In 2015, that attitude, coupled with growing fastball command and the development of stronger secondary pitches, contributed to a 3.82 ERA and recognition as the Mariners’ minor-league pitcher of the year.

Newfound maturity

For all of Díaz’s success in 2015, it was 2016 that would represent the most major changes. Lorraine, who coached Díaz during his 2015 stint in High-A, then moved up with him to Double-A, noted that though Díaz was talented, he lacked a certain maturity. That all changed once he reported to the Mariners’ minor-league camp.

“Going into spring training, I felt like he had grown up a lot. Talking to him, seeing his overall attitude, you could see that he was getting close,” Lorraine said.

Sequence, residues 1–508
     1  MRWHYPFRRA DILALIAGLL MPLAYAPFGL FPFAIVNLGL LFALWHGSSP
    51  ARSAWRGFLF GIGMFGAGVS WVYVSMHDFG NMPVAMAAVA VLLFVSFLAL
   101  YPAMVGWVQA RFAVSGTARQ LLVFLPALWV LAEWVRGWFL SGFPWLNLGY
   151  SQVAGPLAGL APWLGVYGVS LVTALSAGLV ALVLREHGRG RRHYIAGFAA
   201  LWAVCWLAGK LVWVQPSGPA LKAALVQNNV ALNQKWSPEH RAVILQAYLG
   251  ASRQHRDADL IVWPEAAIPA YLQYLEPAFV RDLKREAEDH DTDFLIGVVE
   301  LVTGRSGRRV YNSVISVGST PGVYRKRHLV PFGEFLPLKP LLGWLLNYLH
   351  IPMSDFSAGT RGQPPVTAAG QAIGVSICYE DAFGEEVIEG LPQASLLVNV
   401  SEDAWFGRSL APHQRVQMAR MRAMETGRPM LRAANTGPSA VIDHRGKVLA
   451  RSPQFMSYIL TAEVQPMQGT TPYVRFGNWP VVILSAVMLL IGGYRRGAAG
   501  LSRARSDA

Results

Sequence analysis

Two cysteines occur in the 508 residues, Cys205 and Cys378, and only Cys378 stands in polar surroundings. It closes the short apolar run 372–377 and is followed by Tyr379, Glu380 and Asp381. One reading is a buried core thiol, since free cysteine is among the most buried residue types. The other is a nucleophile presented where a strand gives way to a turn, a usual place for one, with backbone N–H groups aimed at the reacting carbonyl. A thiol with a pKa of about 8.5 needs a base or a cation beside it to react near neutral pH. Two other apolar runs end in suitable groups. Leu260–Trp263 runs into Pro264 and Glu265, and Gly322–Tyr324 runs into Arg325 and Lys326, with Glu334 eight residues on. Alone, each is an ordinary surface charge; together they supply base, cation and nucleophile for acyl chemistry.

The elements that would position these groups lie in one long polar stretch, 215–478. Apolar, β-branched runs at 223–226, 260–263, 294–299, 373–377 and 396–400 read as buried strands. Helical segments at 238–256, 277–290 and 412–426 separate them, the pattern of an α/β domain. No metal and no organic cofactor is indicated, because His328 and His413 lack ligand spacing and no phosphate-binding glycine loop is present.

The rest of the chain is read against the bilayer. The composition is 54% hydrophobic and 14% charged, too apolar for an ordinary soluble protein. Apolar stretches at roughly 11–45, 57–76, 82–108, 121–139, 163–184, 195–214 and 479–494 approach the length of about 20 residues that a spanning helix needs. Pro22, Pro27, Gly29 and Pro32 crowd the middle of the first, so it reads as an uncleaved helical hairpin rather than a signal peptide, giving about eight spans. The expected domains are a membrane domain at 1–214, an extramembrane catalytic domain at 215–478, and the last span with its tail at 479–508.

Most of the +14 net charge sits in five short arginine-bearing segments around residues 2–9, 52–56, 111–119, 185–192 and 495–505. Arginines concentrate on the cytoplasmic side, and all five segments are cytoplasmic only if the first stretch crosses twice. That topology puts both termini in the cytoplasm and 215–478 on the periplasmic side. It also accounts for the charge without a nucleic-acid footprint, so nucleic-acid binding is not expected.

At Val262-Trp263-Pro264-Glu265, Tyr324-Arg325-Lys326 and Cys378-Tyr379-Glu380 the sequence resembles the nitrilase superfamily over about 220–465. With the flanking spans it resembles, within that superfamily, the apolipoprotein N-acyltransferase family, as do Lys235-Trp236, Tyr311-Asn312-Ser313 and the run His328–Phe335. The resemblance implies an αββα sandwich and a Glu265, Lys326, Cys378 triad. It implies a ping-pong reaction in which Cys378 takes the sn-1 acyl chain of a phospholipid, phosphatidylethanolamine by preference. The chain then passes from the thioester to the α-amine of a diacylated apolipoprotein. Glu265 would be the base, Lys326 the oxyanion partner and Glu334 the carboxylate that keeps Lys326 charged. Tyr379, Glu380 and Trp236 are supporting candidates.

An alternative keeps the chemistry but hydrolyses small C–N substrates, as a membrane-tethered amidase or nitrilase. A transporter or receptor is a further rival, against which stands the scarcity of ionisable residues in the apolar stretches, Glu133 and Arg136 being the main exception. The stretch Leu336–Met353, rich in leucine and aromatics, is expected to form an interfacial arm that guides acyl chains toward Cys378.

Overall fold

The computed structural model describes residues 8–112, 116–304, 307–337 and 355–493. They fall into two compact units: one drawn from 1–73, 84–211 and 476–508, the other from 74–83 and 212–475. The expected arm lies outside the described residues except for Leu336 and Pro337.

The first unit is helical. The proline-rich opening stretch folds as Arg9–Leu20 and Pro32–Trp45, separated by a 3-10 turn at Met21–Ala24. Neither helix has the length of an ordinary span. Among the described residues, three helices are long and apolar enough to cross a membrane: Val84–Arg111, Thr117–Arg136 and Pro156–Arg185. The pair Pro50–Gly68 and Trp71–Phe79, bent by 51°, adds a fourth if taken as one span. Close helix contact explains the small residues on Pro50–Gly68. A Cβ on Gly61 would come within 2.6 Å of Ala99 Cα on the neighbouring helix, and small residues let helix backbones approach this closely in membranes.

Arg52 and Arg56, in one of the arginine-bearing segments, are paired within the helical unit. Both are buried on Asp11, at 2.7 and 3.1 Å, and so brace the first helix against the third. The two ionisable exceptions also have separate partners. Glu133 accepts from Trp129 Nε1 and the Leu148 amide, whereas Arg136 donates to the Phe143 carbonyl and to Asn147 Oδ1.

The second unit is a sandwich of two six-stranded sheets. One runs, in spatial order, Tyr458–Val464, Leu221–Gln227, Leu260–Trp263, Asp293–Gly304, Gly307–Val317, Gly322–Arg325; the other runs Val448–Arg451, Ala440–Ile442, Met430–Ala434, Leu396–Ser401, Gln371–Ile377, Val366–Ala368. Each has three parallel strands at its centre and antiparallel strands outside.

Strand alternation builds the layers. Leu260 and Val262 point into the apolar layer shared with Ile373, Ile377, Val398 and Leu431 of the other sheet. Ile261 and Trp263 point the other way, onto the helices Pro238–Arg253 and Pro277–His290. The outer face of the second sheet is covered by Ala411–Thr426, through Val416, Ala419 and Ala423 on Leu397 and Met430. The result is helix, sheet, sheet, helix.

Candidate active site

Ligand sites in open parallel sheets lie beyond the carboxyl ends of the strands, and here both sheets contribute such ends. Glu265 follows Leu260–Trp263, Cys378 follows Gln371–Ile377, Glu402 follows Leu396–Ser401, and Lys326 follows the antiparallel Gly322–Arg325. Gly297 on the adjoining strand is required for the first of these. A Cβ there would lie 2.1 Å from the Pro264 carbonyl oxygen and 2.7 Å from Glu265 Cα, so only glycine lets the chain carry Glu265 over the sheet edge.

The newfound maturity certainly helped when, a few months into the season, new general manager Jerry Dipoto sent down the orders that the Mariners’ top pitching prospect would be converted into a reliever.

“He had to make adjustments,” Lorraine conceded, “but those were easier for him because he had the kind of attitude that allowed him to just let it go for an inning or two. The jump was immediate.”

Díaz — who pitched eight games in relief in 2012 during rookie ball — returned to the mound as a reliever a few days later, in the eighth inning of a 3-2 game against the Birmingham Barons. He struck out two and didn’t allow a single hit, and the Generals went on to win the game.

After the inning, he came into the dugout and turned to Lorraine.

“Is that it?” Diaz asked.